In line with the exploration of important associations between cystic kidney disease and other disorders a systematic review by Nittel et al. examined the prevalence of neurodevelopmental disorders (NDD) in patients with 17q12 microdeletions vs. HNF1B point mutations. The results of a diligent literature search revealed that NDDs are frequently observed in HNF1B-associated diseases, especially in the common 17q12 microdeletion, and should hence become a routine part of clinical care for patients with HNF1B-related diseases. On the other hand, a systematic review by Sorić Hosman et al. provided a critical overview of previously examined serum and urine biomarkers with a potential for predicting disease progression or response to therapy in patients with ADPKD. A comprehensive literature review identified several prognostic molecules that are involved in various processes central to the development of the disease, such as tubular injury, inflammation, metabolism, renin-angiotensin, or vasopressin system adjustments. Interestingly, the most accurate predictive models have been achieved when incorporating such serum and urine biomarkers with the Predicting Renal Outcome in Polycystic Kidney Disease (PROPKD) score which combines underlying genetic mutations and clinical risk factors, or with the Mayo Imaging Classification (MIC) which is based on age- and height-adjusted total kidney volume (TKV) measured by magnetic resonance imaging (MRI).

MRI-based kidney volume assessment was further investigated by Yilmaz et al. in a multicenter, cross-sectional, and case-controlled study involving 89 children and adolescents with a genetically confirmed and detailly characterized diagnosis of ADPKD. The study patients were stratified according to the innovative Leuven Imaging Classification (LIC) into different risk categories, with those in the highest risk category having an increased incidence of hypertension and a higher prevalence of PKD1 mutations. Therefore, the study advocates the use of MRI for the measurement of TKV in the pediatric population, in addition to the use of ambulatory blood pressure monitoring to recognize those with hypertension.

Finally, Botero-Calderon et al. presented a retrospective study evaluating clinical and imaging data, genetic testing results and postnatal follow-up outcomes of infants identified in utero with bilateral renal cystic disease at a single referral center over a period of 11 years. Among 17 patients with suspected renal ciliopathy, the most common diagnosis was autosomal recessive PKD (ARPKD, n = 4), followed by Bardet-Biedl syndrome (BBS, n = 3), autosomal dominant polycystic disease (ADPKD, n = 2), HNF1B-related disease (n = 2), and Meckel-Gruber syndrome (MKS, n = 2), while four cases were not genetically resolved. In terms of postnatal management, the study revealed that the vast majority of neonatal survivors with renal ciliopathies are directed to the care of a pediatric nephrologist, while this proportion is much lower in those with genetically unresolved enlarged, echogenic kidneys, stressing the need for structured management programs for prenatally identified kidney disease.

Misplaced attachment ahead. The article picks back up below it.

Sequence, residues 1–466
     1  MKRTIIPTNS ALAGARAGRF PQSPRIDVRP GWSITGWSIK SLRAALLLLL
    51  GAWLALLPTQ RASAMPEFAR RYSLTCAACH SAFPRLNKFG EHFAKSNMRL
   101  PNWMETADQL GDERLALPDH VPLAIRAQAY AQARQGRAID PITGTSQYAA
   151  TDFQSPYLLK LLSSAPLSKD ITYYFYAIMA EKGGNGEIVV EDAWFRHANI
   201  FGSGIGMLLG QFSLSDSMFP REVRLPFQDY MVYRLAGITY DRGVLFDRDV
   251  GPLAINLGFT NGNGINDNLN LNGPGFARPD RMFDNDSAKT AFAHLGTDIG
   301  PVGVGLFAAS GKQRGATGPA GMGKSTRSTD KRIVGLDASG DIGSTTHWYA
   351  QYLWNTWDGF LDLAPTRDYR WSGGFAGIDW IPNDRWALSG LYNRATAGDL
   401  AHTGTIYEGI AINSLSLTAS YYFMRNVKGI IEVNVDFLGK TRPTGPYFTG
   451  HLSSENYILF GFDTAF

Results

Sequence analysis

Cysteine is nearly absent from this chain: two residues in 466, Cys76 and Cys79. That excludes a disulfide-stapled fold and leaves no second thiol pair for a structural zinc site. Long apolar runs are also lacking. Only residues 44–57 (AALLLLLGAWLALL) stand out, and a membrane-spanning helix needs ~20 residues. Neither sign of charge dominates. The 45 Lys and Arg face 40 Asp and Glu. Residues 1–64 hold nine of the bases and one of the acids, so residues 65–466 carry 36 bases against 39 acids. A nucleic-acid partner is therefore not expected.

In conclusion, our research topic provides a contemporary overview of current practices, unmet clinical needs and research gaps regarding the broad spectrum  of renal ciliopathies that may be useful to a wide range of physicians and researchers dealing with these complex disorders.

Author contributions

LL: Writing – review & editing, Writing – original draft, Visualization, Conceptualization. IV: Writing – review & editing, Conceptualization. MF: Writing – review & editing, Conceptualization. BB: Writing – review & editing, Conceptualization.

Conflict of interest

The authors declare that the research was conducted in the absence of any commercial or financial relationships that could be construed as a potential conflict of interest.

The author(s) declared that they were an editorial board member of Frontiers, at the time of submission. This had no impact on the peer review process and the final decision.

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Keywords: cystic kidney disease, autosomal dominant polycystic kidney disease (ADPKD), autosomal recessive polycystic kidney disease (ARPKD), nephronophtisis complex (NPHC), Bardet Biedl syndrome (BBS)

Citation: Lamot L, Vuković Brinar I, Fištrek Prlić M and Beck B (2024) Editorial: Cystic kidney diseases in children and adults: from diagnosis to etiology and back. Front. Pediatr. 12:1401593. doi: 10.3389/fped.2024.1401593

Received: 15 March 2024; Accepted: 29 March 2024;
Published: 10 April 2024.

Edited and Reviewed by: Michael L. Moritz, University of Pittsburgh, United States

© 2024 Lamot, Vuković Brinar, Fištrek Prlić and Beck. This is an open-access article distributed under the terms of the Creative Commons Attribution License (CC BY). The use, distribution or reproduction in other forums is permitted, provided the original author(s) and the copyright owner(s) are credited and that the original publication in this journal is cited, in accordance with accepted academic practice. No use, distribution or reproduction is permitted which does not comply with these terms.

*Correspondence: Lovro Lamot